US Brand Names
• Panretin Gel
Alitretinoin (al-i-TRET-i-no-in) is used as a topical treatment for cutaneous AIDS-related Kaposi's sarcoma in cases when there is no need for oral or intravenous medication.
This medicine is available only with your doctor's prescription, in the following dosage form:
In deciding to use a medicine, the risks of taking the medicine must be weighed against the good it will do. This is a decision you and your doctor will make. For alitretinoin, the following should be considered:
Tell your doctor if you have ever had any unusual or allergic reaction to a retinoid (vitamin A) drug product.
Alitretinoin has not been studied in pregnant women. Alitretinoin has been shown to cause birth defects in animals. However, this medicine may be needed in serious diseases or other situations that threaten the mother's life. Be sure you have discussed this with your doctor. Discuss these possible effects with your doctor.
It is not known whether this medicine passes into breast milk. However, alitretinoin is not recommended during breast-feeding, because it may cause unwanted effects in nursing babies.
Studies of this medicine have been done only in adult patients, and there is no specific information comparing the use of alitretinoin in children with use in other age groups.
Many medicines have not been studied specifically in older people. Therefore, it may not be known whether they work exactly the same way they do in younger adults or if they cause different side effects or problems in older people. There is no specific information comparing the use of alitretinoin in the elderly with use in other age groups.
Although certain medicines should not be used together at all, in other cases two different medicines may be used together even if an interaction might occur. In these cases, your doctor may want to change the dose or other precautions may be necessary. When you are taking alitretinoin, it is especially important that your doctor and pharmacist know if you are using the following:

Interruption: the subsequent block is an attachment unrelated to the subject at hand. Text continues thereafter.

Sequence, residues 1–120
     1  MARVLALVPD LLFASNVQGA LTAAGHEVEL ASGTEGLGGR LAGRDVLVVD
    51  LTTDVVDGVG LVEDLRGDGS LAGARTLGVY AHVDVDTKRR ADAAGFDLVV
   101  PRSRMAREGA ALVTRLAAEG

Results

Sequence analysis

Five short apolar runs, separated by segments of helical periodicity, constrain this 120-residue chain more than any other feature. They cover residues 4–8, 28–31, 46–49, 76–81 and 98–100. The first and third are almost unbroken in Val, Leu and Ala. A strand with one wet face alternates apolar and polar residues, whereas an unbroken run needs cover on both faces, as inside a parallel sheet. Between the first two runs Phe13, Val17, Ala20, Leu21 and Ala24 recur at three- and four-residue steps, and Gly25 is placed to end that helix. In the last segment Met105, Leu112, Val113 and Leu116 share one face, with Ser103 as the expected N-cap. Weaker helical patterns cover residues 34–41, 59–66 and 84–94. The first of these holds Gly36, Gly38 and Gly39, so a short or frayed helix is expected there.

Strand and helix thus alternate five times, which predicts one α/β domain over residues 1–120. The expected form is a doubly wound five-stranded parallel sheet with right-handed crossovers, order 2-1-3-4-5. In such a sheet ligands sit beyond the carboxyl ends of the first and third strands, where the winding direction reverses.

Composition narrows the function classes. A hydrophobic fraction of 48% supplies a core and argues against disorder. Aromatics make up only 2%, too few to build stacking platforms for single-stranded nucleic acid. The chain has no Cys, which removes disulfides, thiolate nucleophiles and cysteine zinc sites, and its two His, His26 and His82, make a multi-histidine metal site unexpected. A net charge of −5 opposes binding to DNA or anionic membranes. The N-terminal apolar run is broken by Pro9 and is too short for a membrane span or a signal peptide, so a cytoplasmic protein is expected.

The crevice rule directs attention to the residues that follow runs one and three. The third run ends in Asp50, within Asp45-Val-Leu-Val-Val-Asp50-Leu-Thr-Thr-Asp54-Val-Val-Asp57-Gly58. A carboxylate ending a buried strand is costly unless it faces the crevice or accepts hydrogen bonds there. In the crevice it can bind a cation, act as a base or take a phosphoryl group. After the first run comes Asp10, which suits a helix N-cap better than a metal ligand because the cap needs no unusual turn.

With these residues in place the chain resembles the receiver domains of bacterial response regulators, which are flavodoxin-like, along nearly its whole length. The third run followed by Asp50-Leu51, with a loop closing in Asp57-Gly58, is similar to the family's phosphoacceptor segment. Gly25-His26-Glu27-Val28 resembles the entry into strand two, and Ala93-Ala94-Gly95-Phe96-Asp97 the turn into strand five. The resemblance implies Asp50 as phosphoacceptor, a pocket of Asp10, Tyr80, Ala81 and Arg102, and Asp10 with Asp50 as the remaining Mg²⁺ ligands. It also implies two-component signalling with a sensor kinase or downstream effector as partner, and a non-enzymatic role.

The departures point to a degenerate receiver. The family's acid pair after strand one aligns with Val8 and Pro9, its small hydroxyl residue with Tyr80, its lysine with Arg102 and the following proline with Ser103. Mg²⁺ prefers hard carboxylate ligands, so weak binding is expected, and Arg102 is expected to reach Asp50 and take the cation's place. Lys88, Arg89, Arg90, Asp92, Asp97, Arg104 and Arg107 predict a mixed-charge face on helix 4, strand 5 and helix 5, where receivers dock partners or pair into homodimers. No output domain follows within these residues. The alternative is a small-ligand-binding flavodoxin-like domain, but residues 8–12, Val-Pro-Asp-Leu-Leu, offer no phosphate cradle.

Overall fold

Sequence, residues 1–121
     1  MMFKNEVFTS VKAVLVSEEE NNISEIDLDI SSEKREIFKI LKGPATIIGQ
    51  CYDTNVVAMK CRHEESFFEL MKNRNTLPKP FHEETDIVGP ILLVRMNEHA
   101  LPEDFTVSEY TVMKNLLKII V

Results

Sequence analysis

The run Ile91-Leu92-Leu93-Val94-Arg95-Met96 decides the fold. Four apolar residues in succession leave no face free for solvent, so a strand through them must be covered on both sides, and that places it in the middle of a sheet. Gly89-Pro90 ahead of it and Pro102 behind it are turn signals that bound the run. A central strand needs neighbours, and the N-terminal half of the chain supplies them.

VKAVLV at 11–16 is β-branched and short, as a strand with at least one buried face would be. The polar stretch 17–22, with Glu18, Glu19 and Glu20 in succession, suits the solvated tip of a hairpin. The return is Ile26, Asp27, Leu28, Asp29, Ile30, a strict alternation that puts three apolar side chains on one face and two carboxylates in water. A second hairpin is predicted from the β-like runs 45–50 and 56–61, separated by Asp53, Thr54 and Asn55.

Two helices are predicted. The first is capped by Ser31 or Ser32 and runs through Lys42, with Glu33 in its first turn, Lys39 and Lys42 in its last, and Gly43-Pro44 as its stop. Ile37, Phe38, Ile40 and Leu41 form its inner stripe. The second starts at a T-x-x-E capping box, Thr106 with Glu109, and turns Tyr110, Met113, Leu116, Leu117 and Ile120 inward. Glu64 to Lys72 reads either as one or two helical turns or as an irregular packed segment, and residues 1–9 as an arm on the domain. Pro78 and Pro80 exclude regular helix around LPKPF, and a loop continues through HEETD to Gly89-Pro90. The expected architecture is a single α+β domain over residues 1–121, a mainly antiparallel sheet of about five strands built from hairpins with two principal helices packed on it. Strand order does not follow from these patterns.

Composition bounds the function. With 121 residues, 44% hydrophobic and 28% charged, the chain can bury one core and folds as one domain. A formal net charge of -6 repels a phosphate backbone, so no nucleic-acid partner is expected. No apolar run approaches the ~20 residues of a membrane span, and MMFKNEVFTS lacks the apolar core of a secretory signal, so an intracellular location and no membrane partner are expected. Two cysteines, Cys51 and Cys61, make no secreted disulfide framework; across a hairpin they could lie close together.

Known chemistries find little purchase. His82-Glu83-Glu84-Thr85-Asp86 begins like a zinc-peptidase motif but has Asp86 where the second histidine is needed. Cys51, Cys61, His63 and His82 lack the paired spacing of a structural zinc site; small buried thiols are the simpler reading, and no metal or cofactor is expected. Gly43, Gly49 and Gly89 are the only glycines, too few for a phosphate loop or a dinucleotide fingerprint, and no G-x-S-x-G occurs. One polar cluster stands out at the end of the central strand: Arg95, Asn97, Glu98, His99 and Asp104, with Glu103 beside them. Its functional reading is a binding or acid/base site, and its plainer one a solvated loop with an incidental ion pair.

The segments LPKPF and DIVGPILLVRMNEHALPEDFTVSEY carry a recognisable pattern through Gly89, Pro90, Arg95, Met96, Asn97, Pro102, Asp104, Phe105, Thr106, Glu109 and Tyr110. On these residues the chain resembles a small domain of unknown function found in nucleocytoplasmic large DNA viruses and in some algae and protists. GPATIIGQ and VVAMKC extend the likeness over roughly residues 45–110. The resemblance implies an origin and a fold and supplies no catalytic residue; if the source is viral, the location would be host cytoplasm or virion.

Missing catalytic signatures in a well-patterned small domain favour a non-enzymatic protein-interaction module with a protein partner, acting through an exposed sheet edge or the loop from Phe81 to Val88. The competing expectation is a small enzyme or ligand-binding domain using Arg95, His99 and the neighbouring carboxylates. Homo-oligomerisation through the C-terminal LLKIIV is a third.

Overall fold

• DEET-containing insect repellants-Concurrent use with products containing DEET may increase DEET side effects
Other medical problems
The presence of other medical problems may affect the use of alitretinoin. Make sure to tell your doctor if you have any other medical problems, especially
Avoid the use of occlusive dressings
Follow your doctor's orders or the directions on the label . The following information includes only the average doses of alitretinoin. If your dose is different, do not change it unless your doctor tells you to do so.
• For topical dosage form (gel):
o For cutaneous Kaposi's sarcoma:
§ Adults-Apply a generous amount to the affected area of the skin two times day, or as directed by your doctor, and allow to dry for three to five minutes before covering with clothing.
§ Children-Use and dose must be determined by your doctor.
If you miss a dose of this medicine, use it as soon as possible. However, if it is almost time for your next dose, skip the missed dose and go back to your regular dosing schedule. Do not double doses.
To store this medicine:
• Keep out of the reach of children.
• Store away from heat.
• Do not keep outdated medicine or medicine no longer needed. Ask your health care professional how you should dispose of any medicine you do not use. Be sure that any discarded medicine is out of the reach of children.
It is very important that your doctor check your progress at regular visits to make sure that this medicine is working properly and to check for unwanted effects.
This medicine increases the sensitivity of the treated areas of your skin to sunlight or sun lamps. Therefore, exposure to the sun, even through window glass or on a cloudy day, could cause a serious burn .
Avoid application of the gel to normal skin surrounding the lesions or to mucous membranes
Along with its needed effects, a medicine may cause some unwanted effects. Although not all of these side effects may occur, if they do occur they may need medical attention.
Check with your doctor as soon as possible if any of the following side effects occur:
Abrasion of skin; blisters on skin; burning pain; cracking, crusting, drainage, or oozing of the skin; groove in the skin; peeling of skin; severe rash; skin redness; sloughing of skin; swelling at the site of application.
Stinging or tingling of skin.
Other side effects may occur that usually do not need medical attention. These side effects may go away during treatment as your body adjusts to the medicine. However, check with your doctor if any of the following side effects continue or are bothersome:
Increased sensitivity to the sun.
Other side effects not listed above may also occur in some patients. If you notice any other effects, check with your doctor.
December 02, 1999